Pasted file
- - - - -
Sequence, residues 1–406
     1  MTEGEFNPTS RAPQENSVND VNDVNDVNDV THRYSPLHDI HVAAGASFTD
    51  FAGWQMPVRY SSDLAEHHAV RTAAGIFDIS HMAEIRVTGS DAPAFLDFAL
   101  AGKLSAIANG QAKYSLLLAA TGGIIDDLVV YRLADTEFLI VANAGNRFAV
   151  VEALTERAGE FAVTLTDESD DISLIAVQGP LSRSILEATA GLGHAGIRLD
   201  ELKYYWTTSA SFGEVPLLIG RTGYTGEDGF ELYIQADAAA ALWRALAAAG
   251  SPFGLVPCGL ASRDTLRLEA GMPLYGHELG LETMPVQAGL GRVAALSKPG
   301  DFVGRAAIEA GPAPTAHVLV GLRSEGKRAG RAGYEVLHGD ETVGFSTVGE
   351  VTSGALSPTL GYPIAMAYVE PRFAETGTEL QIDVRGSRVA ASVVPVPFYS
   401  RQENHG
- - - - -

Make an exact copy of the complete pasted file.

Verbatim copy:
Sequence, residues 1–406
     1  MTEGEFNPTS RAPQENSVND VNDVNDVNDV THRYSPLHDI HVAAGASFTD
    51  FAGWQMPVRY SSDLAEHHAV RTAAGIFDIS HMAEIRVTGS DAPAFLDFAL
   101  AGKLSAIANG QAKYSLLLAA TGGIIDDLVV YRLADTEFLI VANAGNRFAV
   151  VEALTERAGE FAVTLTDESD DISLIAVQGP LSRSILEATA GLGHAGIRLD
   201  ELKYYWTTSA SFGEVPLLIG RTGYTGEDGF ELYIQADAAA ALWRALAAAG
   251  SPFGLVPCGL ASRDTLRLEA GMPLYGHELG LETMPVQAGL GRVAALSKPG
   301  DFVGRAAIEA GPAPTAHVLV GLRSEGKRAG RAGYEVLHGD ETVGFSTVGE
   351  VTSGALSPTL GYPIAMAYVE PRFAETGTEL QIDVRGSRVA ASVVPVPFYS
   401  RQENHG